Drinking more coffee leads to a longer life, two studies say
According to two new studies published Monday, greater consumption of coffee could lead to a longer life.
People who drank two to four cups a day had an 18 per cent lower risk of death compared with people who did not drink coffee, according to the study. These findings are consistent with previous studies that had looked at majority white populations.
The new study shows that there is a stronger biological possibility for the relationship between coffee and longevity and found that mortality was inversely related to coffee consumption for heart disease, cancer, respiratory disease, stroke, diabetes and kidney disease.
Both studies were published in the Annals of Internal Medicine.
Coffee is a complex mixture of compounds, some of which have been revealed in laboratories to have biological effects.
Studies have shown that certain compounds have neuroprotective and anti-inflammatory properties that can help reduce risk for illnesses like Parkinson's disease.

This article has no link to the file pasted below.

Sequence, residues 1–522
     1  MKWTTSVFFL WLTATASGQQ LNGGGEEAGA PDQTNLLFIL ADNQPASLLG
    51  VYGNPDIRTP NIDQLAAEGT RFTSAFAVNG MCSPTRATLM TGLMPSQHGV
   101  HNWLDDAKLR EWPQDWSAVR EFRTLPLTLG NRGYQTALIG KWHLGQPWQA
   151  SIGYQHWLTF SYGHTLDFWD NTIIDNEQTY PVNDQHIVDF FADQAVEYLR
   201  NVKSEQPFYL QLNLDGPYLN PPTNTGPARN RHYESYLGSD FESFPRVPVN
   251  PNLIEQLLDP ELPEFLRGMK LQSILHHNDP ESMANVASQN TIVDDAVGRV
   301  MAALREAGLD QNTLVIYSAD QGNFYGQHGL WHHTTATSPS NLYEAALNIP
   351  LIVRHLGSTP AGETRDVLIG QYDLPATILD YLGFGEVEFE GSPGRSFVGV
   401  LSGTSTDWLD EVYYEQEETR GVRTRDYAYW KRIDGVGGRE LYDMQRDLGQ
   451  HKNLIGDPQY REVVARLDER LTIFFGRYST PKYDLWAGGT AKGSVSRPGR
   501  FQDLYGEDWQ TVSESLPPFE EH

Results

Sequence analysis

Both studies separated smokers from nonsmokers, since smoking is known to reduce lifespan and is linked to various deceases. However, they found that coffee had inverse effects on mortality for smokers too.
The studies complement work that has been done on coffee and mortality and it has been reasonably documented that coffee drinkers have a lower risk of death.
With all observations from previous studies, however, it's difficult to exclude the possibility that coffee drinkers are just healthier to begin with.
People who avoid coffee, particularly in places like the United States and Europe where drinking the beverage is very common, may do so because they have health problems. Their higher mortality rate could be a result of them being less healthy to begin with.